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Gil Shaham Releases 1930s Violin Concertos, Vol. 2 (March 11): Bartók 2 with Stuttgart Radio Symphony & Prokofiev 2 with The Knights

Gil Shaham: 1930s Violin Concertos, Vol. 2 (Canary Classics)

Gil Shaham: 1930s Violin Concertos, Vol. 2 (Canary Classics)

When Gil Shaham issued 1930s Violin Concertos, Vol. 1, the New York Times welcomed it as “the first document of a major musical project.” Norman Lebrecht called it “an essential adjunct to our understanding of the era” (Sinfini Music), and Gramophone observed: “This is a most distinguished release and I can’t wait for the second installment.” That wait comes to an end on March 11 (available in the UK on February 26), with the release of 1930s Violin Concertos, Vol. 2. Issued on the Grammy Award-winner’s own Canary Classics label, this pairs his account of Bartók’s Second Violin Concerto (1937-38) with the Stuttgart Radio Symphony Orchestra under Stéphane Denève, with Prokofiev’s Second Violin Concerto (1935) with Eric Jacobsen and The Knights, the Brooklyn-based orchestra with whom Shaham has developed an especially close rapport. To celebrate the new release, the violinist gives live performances of Bartók’s Second with the Chicago Symphony and Susanna Mälkki (March 30–April 2) and of Prokofiev’s Second on his upcoming North American tour with Jacobsen and The Knights (Brooklyn, NY, Feb 13; Toronto, Feb 17; Chicago, Feb 18; Chapel Hill, NC, Feb 25; Blacksburg, VA, Feb 26). The tour also sees Shaham give the world premiere performances of a new Chamber Concerto by Jonathan Leshnoff, the most recent of the many contemporary works commissioned and written especially for the American master violinist (Baltimore, Feb 14; Atlanta, Feb 20; Athens, GA, Feb 21).

Click here to see Gil Shaham perform the third movement of Prokofiev’s Second Violin Concerto.

Conceived when he realized how many great 20th-century violin concertos were composed during the same fateful decade, since its launch in 2009 Shaham’s exploration of “Violin Concertos of the 1930s” has fostered a wealth of collaborations with the foremost orchestras and conductors of three continents. It has been recognized by the Los Angeles Times as “a terrific programming idea,” and, Musical America – calling it “one of the most imaginative programming concepts in years” – cited the project when naming Shaham its 2011 Instrumentalist of the Year.

As Claire Delamarche explains in her insightful liner notes, both the Bartók and the Prokofiev concertos “bear the mark of an idealism that could only have emerged from a world in crisis, like flowers blossoming on a battlefield.” Both have played a part in Shaham’s career for more than three decades, yet, as Rob Cowan noted in Gramophone after the release of Volume 1,“What first struck me about this initial volume is how Shaham, a fine musician even 20 or so years ago, has matured as a player.” Since his landmark 1999 recording of the Bartók with Pierre Boulez and the Chicago Symphony, the violinist’s interpretation of the concerto has continued to evolve; after a recent live account with Denève and the Los Angeles Philharmonic, the Los Angeles Times discovered:

“… a sense of playfulness now in Shaham’s Bartók that wasn’t there before, shedding just the right bit of polished sheen in his tone at appropriate moments, reveling in the sound of surprise with bursts of power and the quietest of pianissimos.”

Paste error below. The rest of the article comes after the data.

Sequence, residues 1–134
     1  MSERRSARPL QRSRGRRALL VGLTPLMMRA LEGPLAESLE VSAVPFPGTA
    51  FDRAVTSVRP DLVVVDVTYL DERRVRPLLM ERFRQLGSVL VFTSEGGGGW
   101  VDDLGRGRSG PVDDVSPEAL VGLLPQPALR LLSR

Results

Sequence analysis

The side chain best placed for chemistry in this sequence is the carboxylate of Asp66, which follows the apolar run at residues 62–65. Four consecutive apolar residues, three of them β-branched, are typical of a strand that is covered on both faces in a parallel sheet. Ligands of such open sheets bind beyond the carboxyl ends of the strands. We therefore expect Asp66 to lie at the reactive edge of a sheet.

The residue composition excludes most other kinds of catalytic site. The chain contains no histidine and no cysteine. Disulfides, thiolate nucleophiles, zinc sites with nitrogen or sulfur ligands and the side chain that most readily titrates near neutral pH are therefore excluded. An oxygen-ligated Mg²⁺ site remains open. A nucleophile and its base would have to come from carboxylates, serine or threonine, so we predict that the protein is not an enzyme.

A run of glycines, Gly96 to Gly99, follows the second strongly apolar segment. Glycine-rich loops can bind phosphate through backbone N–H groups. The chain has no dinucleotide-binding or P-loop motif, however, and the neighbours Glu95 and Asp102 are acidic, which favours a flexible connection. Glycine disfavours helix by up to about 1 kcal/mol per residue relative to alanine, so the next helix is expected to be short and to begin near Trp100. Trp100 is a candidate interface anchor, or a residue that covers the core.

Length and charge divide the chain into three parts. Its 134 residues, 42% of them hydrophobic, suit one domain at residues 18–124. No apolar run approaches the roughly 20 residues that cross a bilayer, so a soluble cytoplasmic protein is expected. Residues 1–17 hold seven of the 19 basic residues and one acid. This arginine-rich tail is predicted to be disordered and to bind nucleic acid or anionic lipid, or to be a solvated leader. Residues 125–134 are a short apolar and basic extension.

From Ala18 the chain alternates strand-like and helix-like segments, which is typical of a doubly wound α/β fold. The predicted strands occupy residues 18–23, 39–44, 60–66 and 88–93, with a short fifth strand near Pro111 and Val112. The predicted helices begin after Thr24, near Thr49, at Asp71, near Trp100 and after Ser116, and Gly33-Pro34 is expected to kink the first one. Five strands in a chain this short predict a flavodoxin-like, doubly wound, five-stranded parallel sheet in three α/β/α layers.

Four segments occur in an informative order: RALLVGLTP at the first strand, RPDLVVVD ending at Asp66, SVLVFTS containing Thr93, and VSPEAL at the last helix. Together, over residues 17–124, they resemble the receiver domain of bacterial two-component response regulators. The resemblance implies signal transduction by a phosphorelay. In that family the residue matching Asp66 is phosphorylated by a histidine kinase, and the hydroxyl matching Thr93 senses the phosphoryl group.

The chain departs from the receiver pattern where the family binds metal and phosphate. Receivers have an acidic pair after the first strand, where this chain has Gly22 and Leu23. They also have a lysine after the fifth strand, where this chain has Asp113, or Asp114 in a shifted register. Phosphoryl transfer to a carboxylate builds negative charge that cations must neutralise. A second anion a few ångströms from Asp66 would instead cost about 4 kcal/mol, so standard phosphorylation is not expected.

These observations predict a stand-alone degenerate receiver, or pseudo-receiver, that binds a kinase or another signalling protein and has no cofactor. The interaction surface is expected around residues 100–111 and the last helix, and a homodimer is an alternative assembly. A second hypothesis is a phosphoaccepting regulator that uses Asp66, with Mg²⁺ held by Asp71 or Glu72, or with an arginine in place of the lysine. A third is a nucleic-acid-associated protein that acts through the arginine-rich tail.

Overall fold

Anticipating the present release, the review went on to suggest: “When Shaham gets around to recording Bartók for his 1930s project, Denève would be a good match for him.”

Similarly, since his acclaimed 1996 recording with André Previn and the London Symphony Orchestra, the violinist’s relationship with the Prokofiev has also deepened. After a recent performance with Michael Tilson Thomas and the San Francisco Symphony, the Boston Classical Review marveled:

“The orchestra seemed inspired by his elegant and fluent playing, and at times, especially in the Andante assai, the chemistry of orchestra sections with the soloist produced exceptionally tender, floating sonorities.”

High-resolution photos may be downloaded here.

Gil Shaham: 1930s Violin Concertos, Vol. 2

Label: Canary Classics
U.S. Release date: March 11

SERGEI PROKOFIEV: Violin Concerto No. 2 in G minor, Op. 63
With The Knights / Eric Jacobsen

BÉLA BARTÓK: Violin Concerto No. 2, BB 117
With Stuttgart Radio Symphony Orchestra / Stéphane Denève

Gil Shaham: upcoming engagements

Feb 14–26
U.S. tour with The Knights / Eric Jacobsen
JONATHAN LESHNOFF: Chamber Concerto for violin & orchestra (world premiere)
SARASATE: Navarra, Op. 33
Feb 14: Baltimore, MD (Shriver Hall)
Feb 20: Atlanta, GA (Emory University Concerts Division)
Feb 21: Athens, GA (University of Georgia)
PROKOFIEV: Violin Concerto No. 2
Feb 13: Brooklyn, NY (BRIC House)
Feb 17: Toronto, ON (Koerner Hall)
Feb 18: Chicago, IL (Harris Theater at Millennium Park)
Feb 25: Chapel Hill, NC (Carolina Performing Arts)
Feb 26: Blacksburg, VA (Moss Arts Center, Virginia Tech)

March 4–6
St. Paul, MN
Ordway Concert Hall
Saint Paul Chamber Orchestra
MENDELSSOHN: Violin Concerto in E minor

March 17–19
Boston, MA
Boston Symphony Hall
Boston Symphony Orchestra / Stéphane Denève
JOHN WILLIAMS: Violin Concerto

March 26–April 16
BACH: Complete Sonatas and Partitas
With original films by David Michalek
March 26: Ann Arbor, MI
April 14: Berkeley, CA (Zellerbach Hall)
April 16: Seattle, WA (Meany Hall for the Performing Arts)

March 30–April 2
Chicago, IL
Chicago Symphony Orchestra / Susanna Mälkki
BARTÓK: Violin Concerto No. 2

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© 21C Media Group, February 2016

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